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Friday, September 15, 2017 
Minister presents Rejoinder before the International Court in response to Bolivia's demand
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This Friday, Foreign Minister Heraldo Muñoz presented at the International Court of Justice (ICJ), in The Hague, the Chilean rejoinder to Bolivia's 2013 lawsuit, a process called by the tribunal as "Obligation to Negotiate Access to the Pacific Ocean Bolivia vs Chile".

Minister Muñoz went to the ICJ together with the Agent of the case, Claudio Grossman, and Coagentes Alfonso Silva and María Teresa Infante, who is also Chile's ambassador to The Hague.

With this presentation, Chile was ahead of the deadline for submitting the rejoinder, set by the ICJ for September 21. This also brings the written stage of the process to an end. According to the ICJ rules, it is the international tribunal that must set the time limits for oral argument.

With this presentation, Chile was ahead of the deadline for submitting the rejoinder, set by the ICJ for September 21. This also brings the written stage of the process to an end. According to the ICJ rules, it is the international tribunal that must set the time limits for oral argument.

After submitting the rejoinder, Minister Heraldo Muñoz emphasized that the document is a robust response to Bolivia's reply, which discards Chile's obligation to negotiate sovereign access to the Pacific Ocean with Bolivia. "This is an artificial demand. Bolivia has said that its claim does not question the 1904 Treaty. However, it is precisely the aim of this law suit", stated the Minister.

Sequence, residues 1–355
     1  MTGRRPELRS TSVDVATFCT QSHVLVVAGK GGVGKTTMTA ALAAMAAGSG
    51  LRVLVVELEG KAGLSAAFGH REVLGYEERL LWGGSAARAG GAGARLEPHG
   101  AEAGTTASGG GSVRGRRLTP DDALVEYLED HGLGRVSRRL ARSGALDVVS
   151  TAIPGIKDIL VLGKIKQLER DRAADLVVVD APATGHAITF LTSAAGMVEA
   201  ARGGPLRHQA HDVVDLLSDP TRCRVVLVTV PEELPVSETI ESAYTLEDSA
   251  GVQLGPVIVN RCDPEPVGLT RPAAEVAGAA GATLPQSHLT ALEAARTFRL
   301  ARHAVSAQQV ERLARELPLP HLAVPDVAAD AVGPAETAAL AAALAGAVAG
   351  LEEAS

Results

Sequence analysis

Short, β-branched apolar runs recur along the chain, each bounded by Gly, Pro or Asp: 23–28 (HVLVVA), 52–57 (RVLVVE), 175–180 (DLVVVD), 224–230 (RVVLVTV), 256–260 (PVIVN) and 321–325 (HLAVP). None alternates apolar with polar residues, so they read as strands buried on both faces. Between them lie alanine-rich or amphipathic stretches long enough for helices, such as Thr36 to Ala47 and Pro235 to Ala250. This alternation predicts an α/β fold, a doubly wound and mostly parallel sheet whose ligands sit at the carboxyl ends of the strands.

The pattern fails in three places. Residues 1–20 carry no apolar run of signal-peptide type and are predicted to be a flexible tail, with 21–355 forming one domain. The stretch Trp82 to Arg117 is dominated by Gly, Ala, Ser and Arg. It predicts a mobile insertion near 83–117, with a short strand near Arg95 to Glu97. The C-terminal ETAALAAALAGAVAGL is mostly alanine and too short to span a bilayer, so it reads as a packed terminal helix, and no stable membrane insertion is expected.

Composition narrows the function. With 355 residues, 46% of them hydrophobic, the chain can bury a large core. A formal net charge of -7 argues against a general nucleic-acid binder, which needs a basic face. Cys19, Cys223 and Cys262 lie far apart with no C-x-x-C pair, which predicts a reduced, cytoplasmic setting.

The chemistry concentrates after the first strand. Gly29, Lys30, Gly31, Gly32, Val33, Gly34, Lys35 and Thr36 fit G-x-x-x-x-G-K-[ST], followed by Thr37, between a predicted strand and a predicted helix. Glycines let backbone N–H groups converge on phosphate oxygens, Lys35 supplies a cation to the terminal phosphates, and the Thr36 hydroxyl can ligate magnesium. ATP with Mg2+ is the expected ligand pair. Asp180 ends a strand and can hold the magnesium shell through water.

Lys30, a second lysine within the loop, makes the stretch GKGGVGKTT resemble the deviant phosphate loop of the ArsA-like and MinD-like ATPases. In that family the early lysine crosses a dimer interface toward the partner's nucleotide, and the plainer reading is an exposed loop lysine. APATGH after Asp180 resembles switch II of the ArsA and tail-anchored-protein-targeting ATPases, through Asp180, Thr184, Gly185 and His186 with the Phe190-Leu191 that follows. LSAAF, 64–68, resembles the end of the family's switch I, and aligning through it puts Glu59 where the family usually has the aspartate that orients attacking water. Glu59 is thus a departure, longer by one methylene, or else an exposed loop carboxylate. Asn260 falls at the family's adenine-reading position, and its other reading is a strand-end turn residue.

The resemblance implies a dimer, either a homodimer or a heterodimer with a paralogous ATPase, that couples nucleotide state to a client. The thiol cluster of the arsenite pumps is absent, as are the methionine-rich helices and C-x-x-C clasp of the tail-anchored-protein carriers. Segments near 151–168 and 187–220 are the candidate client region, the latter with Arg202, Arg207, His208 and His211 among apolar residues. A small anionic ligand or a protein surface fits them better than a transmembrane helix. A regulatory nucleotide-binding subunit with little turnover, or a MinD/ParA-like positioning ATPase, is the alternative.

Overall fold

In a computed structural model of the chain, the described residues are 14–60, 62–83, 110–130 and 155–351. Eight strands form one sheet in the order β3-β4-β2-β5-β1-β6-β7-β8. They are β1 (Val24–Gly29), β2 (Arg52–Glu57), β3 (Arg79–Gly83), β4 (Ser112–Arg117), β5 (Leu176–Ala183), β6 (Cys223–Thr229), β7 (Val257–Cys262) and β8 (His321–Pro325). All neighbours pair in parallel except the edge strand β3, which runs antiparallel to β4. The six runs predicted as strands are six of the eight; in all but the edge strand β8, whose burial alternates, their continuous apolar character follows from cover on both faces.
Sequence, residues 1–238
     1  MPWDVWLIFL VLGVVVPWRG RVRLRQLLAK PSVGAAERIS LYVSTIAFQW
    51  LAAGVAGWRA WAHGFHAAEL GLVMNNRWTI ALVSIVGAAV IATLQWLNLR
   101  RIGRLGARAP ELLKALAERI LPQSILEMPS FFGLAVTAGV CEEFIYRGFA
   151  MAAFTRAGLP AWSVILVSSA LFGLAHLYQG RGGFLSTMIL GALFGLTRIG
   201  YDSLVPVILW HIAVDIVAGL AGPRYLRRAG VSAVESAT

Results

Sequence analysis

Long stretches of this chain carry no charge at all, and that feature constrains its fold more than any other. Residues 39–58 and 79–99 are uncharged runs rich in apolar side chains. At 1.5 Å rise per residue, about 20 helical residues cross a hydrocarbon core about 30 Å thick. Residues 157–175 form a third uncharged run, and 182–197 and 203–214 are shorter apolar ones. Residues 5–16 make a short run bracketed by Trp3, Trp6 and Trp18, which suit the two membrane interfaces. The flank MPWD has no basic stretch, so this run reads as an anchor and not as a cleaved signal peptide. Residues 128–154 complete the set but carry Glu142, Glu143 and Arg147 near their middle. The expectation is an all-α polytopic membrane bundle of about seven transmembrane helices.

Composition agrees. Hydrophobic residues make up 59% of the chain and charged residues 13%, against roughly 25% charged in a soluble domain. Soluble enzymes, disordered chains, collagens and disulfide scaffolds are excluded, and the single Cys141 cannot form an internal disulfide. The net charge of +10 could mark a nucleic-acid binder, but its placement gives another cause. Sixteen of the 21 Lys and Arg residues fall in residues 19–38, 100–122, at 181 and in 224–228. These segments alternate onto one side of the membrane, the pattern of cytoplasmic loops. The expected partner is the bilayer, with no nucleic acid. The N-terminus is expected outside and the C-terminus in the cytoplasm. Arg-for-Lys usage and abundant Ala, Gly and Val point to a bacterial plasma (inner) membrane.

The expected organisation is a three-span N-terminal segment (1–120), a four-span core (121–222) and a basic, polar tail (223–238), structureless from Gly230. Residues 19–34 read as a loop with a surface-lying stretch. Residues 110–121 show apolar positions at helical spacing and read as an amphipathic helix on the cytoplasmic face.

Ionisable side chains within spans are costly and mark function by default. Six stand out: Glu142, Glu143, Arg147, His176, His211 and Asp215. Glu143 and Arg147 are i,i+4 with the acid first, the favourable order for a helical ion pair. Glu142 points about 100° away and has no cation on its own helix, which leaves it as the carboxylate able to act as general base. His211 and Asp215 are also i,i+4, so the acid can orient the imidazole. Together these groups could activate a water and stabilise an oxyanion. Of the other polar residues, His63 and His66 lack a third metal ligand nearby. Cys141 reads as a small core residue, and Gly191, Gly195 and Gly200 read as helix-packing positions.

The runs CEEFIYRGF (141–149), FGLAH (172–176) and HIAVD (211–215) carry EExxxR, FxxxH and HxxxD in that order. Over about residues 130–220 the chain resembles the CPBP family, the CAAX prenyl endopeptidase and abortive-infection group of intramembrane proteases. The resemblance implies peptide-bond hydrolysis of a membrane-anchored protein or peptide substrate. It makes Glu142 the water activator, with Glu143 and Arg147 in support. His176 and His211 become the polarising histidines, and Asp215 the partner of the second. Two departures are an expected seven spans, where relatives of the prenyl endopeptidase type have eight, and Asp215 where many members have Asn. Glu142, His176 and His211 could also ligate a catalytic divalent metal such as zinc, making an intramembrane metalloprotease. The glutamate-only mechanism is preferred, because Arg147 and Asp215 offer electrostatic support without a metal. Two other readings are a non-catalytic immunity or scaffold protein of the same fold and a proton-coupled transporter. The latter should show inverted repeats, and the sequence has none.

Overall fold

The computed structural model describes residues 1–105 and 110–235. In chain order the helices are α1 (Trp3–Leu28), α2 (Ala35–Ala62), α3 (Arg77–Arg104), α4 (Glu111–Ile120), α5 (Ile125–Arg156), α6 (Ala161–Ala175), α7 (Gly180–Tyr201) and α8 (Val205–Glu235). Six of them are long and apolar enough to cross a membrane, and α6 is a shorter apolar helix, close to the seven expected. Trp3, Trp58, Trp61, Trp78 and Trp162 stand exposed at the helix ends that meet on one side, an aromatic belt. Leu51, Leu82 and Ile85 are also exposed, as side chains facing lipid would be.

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Chancellor Muñoz added that "it is obvious, when reading the Bolivian lawsuit and then their arguments during the oral allegations of the preliminary objection, that they have changed their line of argument. They demanded a completely sovereign right of access, a territorial cession, and then they ended up saying that they were willing to take a practical approach or a special zone", he said.

In addition, the Minister pointed out that "the Court clarified that the case is not about an alleged right of sovereign access to the sea and ruled out Bolivia's claim that a hypothetical negotiation should end with a predetermined outcome. What does this mean: that neither the territory of Chile nor the 1904 Treaty will be at risk".

For his part, Agent Claudio Grossman said that the "deadline has been met" with the delivery of the rejoinder, "which is a very solid message of the Chilean position and the fact that things were done properly".